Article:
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Bringing Design Thinking into the classroom to prepare the next generation for the challenges of the future

Paul Kim, is a teacher at Colorado Academy and Co-Director of the Redi Lab, and is best known for using the design thinking process to teach History.  He is our design thinking guest blogger.

Paul is an innovator in the education space, who is not afraid to change things up and find new ways to connect with students.  Below, Paul lays the case for using design thinking in school.  In doing so, he offers a glimpse into the how and why.  How can you bring design thinking into your daily life and why it’s so critical.

Paul is forward thinking – explaining that with AI on the horizon our students need to excel at thinking critically, analysing situtations and offering value where computers cannot.  Read below for his insights and for hope about the future of education!  (He also has a Tedx talk on the subject!)

Differentiation by Design

by Paul Kim

When educators discuss differentiation, they are usually referring to how a lesson might be designed to meet the diverse learning needs of students within a classroom. But exponential change and acceleration over the past decade may reflect the need for a new focus in the discussion of differentiation in schools. Given the shifting capacities of both artificial intelligence and human intelligence, perhaps educators should be discussing differentiation in the context of teaching students how to act less like the “machines” – the software and algorithms – that have become so ubiquitous in modern life.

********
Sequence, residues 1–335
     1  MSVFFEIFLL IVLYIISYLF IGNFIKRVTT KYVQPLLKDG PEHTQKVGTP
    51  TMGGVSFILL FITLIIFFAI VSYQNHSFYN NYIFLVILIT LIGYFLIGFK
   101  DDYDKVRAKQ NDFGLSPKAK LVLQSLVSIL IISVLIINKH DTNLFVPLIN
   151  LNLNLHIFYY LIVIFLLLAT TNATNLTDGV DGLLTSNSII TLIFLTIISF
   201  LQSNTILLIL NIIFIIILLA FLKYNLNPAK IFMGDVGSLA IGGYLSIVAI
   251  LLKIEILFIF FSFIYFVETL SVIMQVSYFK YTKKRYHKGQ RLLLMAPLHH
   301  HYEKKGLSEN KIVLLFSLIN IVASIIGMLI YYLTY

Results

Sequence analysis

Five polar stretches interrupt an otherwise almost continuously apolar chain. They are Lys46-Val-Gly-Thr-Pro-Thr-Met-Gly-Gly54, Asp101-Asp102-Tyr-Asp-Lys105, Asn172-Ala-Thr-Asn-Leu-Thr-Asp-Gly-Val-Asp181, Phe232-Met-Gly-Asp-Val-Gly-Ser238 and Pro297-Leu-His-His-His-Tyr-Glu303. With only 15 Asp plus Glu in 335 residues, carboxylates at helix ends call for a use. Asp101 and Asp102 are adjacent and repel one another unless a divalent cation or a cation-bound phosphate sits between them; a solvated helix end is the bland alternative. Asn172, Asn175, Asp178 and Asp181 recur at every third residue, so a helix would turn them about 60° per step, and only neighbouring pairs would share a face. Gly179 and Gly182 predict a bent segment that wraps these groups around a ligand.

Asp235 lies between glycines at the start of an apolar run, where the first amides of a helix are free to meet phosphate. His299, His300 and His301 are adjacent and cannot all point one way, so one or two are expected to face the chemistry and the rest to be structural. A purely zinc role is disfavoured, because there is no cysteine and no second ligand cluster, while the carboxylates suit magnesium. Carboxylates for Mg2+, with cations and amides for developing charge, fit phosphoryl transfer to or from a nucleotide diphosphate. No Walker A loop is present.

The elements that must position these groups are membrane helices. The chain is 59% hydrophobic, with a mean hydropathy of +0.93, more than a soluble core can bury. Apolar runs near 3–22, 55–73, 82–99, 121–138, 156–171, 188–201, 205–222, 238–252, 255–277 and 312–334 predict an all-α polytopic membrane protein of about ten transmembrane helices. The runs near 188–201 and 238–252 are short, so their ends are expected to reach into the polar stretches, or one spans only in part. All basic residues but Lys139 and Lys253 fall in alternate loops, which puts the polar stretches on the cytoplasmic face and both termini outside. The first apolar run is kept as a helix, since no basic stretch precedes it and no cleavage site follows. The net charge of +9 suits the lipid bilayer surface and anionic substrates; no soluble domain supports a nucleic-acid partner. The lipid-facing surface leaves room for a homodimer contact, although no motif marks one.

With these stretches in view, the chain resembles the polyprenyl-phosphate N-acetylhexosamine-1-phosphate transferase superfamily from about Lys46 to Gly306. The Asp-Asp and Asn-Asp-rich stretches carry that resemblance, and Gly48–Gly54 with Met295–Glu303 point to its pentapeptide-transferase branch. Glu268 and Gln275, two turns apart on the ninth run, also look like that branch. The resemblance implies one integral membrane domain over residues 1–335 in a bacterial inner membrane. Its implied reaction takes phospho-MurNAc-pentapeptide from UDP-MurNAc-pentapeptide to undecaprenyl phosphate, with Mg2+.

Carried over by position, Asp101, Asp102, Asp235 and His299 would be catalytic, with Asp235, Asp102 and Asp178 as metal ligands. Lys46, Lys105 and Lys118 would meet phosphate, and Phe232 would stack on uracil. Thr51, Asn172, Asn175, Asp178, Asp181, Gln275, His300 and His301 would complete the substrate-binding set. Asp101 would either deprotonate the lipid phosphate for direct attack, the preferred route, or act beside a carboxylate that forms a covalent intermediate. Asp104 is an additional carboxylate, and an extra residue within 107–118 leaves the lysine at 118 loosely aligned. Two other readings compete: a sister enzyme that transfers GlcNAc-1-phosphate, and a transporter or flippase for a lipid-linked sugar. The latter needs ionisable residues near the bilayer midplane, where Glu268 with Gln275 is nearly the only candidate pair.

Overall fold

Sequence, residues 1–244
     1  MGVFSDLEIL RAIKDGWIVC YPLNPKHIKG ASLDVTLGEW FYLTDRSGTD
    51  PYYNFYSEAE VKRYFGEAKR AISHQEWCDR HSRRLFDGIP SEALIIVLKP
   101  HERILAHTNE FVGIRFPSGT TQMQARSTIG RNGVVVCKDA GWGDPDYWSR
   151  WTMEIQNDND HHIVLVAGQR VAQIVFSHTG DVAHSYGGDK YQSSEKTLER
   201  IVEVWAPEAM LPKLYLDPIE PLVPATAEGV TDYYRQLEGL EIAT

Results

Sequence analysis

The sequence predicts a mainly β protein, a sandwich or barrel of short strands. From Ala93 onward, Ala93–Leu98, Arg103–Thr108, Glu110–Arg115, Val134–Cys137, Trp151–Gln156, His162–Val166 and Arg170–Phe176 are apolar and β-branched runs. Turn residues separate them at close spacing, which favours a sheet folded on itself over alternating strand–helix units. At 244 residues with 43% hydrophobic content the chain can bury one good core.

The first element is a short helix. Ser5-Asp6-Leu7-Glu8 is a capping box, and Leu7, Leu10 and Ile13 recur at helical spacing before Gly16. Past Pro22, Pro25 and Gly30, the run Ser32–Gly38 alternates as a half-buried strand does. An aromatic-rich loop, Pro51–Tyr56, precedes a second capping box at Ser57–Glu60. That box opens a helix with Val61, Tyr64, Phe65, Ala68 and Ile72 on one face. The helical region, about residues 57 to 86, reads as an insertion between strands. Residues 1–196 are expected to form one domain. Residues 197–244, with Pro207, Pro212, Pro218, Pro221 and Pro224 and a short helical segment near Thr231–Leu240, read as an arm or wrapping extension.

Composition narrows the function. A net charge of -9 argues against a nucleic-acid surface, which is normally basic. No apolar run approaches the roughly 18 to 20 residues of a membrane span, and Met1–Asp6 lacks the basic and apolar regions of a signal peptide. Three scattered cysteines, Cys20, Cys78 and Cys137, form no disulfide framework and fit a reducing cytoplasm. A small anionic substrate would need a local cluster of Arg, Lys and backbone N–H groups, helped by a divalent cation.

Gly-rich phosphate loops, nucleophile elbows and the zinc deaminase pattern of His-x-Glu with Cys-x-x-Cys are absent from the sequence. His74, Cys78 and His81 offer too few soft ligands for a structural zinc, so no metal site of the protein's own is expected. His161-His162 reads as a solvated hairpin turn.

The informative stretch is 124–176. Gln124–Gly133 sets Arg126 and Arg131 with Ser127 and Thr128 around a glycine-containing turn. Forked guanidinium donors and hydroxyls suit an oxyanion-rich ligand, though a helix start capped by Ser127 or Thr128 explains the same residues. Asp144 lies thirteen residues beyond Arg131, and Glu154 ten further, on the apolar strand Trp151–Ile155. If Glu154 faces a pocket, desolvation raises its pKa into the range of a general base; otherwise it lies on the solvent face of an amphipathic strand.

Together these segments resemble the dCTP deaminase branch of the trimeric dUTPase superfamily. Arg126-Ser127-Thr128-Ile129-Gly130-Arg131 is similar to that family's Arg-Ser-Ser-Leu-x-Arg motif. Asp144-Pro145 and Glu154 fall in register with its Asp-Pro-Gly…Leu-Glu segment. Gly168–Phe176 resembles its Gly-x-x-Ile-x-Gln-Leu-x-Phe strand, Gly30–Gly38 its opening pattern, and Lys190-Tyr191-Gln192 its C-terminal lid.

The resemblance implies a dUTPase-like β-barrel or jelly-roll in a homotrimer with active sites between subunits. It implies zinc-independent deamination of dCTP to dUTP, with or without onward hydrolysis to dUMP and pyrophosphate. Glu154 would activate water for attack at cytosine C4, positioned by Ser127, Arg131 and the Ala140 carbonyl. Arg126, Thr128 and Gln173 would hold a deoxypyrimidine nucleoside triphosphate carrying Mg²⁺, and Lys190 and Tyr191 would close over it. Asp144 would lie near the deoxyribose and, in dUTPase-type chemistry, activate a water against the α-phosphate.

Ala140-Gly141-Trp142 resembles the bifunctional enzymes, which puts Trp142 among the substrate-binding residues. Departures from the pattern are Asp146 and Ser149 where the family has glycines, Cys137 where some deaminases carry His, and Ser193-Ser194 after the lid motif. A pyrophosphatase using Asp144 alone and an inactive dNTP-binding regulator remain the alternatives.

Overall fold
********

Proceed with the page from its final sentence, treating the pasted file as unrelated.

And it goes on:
Events like the 2016 defeat of Go grandmaster Lee Sedol by Google’s computer program AlphaGo and the ongoing evolution of Amazon’s Alexa as well as Apple’s Siri suggest that the work of educators should be recalibrated to help students grow the characteristics that distinguish them most from machines. Making our classrooms into spaces where students are encouraged to be curious, empathetic, discerning, and creative would do this.


During the first 20 years of my career, I assigned an essay on 1st day of school and I did the things that most teachers do with homework, projects, and tests while emphasizing critical thinking skills. I honestly think that I can say that important things were being learned in my classroom but at the same time I knew that I could create an even better learning experience for my students.


So five years ago, I decided to use design thinking to overhaul my world history curriculum and transform it into a course called Global Perspectives in the 21st Century. As a part of this process, I taught my students how to use design thinking as a tool in their studies. My hope was to create more open-ended, personalized lessons to help students develop adaptable minds and a sense of agency – to help students think about big ideas.

Changes I have made in my classroom by using design thinking include:


— the elimination of tests

— a pass – fail grading policy during the 1st trimester to encourage metacognition

— mind mapping to explore historical questions that cannot be simply Google searched

— disassembling and reassembling bicycles to learn process and logic

— programming Lego robots to grow familiar with computational thinking

— writing and performing spoken word poetry to inspire creativity

— projects to redesign cities using insights from different perspectives


In general, the goal through all of this has been to engage students in deeper learning as they study the world. In specific terms, I believe that the use of design thinking in classrooms can lead to student outcomes such as these:

empathize students will: ask better questions • gain insight into different points of view • be less impulsive •